Averting shutdown, Foreign Ministry gets emergency cash injection

Finance Ministry grants undisclosed ‘preliminary amount’ to allow diplomats to continue their work, announces ‘comprehensive reform’

Foreign Minister Israel Katz arrives for the weekly cabinet meeting at the Prime Minister's Office in Jerusalem, June 24, 2019. (Noam Revkin Fenton/Flash90)
Foreign Minister Israel Katz arrives for the weekly cabinet meeting at the Prime Minister's Office in Jerusalem, June 24, 2019. (Noam Revkin Fenton/Flash90)

The Foreign Ministry on Monday obtained a vital cash injection, one day after it announced the suspension of most of its diplomatic activities due to a severe lack of funds.

Foreign Minister Israel Katz and the head of Finance Ministry’s Budget Department, Shaul Meridor, agreed that a “preliminary amount” would be transferred to the Foreign Ministry to secure its ongoing operations.

Asked how much money the Foreign Ministry is expected to receive, a spokesperson for Katz replied that it is a “sum that according to the calculations and examinations will allow [the ministry’s] ongoing activity.”

Negotiations between the Foreign Ministry and the treasury on the matter will continue “in order to formulate a comprehensive reform that will enable the Foreign Ministry to fulfill its important objectives,” Katz’s office said in a statement.

On Sunday, the Foreign Ministry said that it was instructed by the Finance Ministry’s accountant general to freeze nearly all its diplomatic activity due to the “grave deficit” in its budget.

“The main effect is that during this sensitive time, when faced with diplomatic and strategic challenges, first and foremost among them the threat by Iran and its proxies — and on the eve of a UN General Assembly — the Foreign Ministry and its missions abroad will be almost entirely paralyzed,” the ministry said in a statement.

Activities that were to be suspended included diplomats’ overseas work trips, the formulation of new diplomatic initiatives and treaties, hosting delegations of foreign diplomats and journalists in Jerusalem, renovations and maintenance at the ministry headquarters, and so on.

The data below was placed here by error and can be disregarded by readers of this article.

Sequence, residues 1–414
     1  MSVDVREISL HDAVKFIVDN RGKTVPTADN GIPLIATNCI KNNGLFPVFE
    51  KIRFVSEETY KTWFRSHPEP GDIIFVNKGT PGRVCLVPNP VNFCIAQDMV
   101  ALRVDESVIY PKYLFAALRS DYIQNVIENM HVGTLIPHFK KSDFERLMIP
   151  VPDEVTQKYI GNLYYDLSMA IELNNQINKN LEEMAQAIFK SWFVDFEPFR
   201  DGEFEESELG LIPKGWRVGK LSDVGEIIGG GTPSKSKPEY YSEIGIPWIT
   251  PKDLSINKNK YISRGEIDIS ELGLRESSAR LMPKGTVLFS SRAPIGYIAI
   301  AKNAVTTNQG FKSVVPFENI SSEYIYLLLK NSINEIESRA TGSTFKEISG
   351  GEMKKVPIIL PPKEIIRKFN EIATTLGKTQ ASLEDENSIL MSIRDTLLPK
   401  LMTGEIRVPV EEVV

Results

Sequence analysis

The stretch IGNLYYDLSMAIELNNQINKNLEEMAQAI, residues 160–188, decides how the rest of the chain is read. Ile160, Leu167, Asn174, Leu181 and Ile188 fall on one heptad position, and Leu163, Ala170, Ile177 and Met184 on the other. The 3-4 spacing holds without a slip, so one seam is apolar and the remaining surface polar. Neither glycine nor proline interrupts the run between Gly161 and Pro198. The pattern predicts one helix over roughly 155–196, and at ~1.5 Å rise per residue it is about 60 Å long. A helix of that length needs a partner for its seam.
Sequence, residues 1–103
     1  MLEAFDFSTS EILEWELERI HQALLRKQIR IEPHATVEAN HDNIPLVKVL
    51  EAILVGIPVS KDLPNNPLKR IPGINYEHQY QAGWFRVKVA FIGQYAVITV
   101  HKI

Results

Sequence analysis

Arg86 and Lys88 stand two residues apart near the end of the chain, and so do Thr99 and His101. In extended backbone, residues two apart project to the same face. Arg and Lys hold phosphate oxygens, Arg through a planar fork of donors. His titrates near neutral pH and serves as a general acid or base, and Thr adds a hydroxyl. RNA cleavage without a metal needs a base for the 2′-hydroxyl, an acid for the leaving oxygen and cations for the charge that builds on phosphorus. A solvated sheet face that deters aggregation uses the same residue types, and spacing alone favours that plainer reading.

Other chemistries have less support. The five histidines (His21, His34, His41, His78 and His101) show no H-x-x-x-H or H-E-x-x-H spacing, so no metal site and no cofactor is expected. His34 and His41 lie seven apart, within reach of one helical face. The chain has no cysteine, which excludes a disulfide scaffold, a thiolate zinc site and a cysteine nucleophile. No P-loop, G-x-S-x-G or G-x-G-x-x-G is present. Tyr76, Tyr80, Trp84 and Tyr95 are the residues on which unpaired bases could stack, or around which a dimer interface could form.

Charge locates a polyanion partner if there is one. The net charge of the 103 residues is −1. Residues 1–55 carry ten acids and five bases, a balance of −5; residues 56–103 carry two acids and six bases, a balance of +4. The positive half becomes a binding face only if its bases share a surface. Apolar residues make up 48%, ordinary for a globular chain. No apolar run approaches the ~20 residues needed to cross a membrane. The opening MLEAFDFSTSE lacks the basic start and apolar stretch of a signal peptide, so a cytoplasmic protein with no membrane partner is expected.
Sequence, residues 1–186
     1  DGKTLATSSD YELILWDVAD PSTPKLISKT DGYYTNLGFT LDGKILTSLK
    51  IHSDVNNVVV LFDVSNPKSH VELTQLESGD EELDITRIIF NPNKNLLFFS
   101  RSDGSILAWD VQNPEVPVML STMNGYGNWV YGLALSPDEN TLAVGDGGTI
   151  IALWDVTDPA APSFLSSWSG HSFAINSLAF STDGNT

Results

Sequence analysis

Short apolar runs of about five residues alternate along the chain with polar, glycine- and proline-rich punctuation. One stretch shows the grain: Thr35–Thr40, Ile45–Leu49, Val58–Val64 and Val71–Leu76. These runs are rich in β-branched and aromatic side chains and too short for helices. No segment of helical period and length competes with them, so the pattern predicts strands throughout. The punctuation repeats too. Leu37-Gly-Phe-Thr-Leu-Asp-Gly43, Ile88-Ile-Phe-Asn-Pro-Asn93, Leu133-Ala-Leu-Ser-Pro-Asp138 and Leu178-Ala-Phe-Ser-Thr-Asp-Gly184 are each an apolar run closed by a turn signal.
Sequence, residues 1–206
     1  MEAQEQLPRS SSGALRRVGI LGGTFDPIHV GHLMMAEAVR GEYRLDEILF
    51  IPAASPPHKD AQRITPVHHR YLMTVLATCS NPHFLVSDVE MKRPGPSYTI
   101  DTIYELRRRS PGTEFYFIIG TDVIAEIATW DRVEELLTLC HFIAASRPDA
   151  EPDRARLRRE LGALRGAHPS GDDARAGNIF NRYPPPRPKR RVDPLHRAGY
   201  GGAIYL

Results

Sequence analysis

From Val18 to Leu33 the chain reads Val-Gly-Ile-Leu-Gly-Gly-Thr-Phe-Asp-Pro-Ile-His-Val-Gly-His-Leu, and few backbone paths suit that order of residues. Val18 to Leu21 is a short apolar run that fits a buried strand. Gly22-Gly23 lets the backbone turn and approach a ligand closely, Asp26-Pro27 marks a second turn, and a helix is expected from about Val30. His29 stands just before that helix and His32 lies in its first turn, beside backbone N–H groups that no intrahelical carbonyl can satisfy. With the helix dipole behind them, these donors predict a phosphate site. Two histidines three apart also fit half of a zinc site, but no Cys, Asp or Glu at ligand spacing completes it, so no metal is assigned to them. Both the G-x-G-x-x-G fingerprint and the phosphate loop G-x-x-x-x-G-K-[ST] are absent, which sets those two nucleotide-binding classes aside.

The decision by the Foreign Ministry to halt many of its operations comes less than two months after it signed a deal with the Finance Ministry that would reportedly see a significant increase in budgeting. That agreement prompted Foreign Ministry employees to call off a strike that would have seen Israeli missions shut down its operations on a different continent every day.

Foreign Ministry workers announced in June that they would be stepping up protests after the government passed a sweeping NIS 1.2 billion ($333 million) spending cut. The budget cuts further strained the Foreign Ministry’s already tight budget, leading to downgraded services at Israeli embassies.

In May, a report by then-state comptroller Yosef Shapira found that some Israeli ambassadors and their staff were living in uninhabitable conditions while posted abroad. Shapira’s report said that many of the 250 or so properties and staff residences under the Foreign Ministry’s charge were in a dilapidated state.

The report detailed complaints from Israel’s ambassador to Nigeria about rats and lice in the official residence, and noted that the envoy to Brazil slept on a mattress on the floor.

Diplomats went on strike over wage and budget disputes in 2014 and again in 2016, saying the treasury had dragged its feet on implementing a previous compensation agreement.

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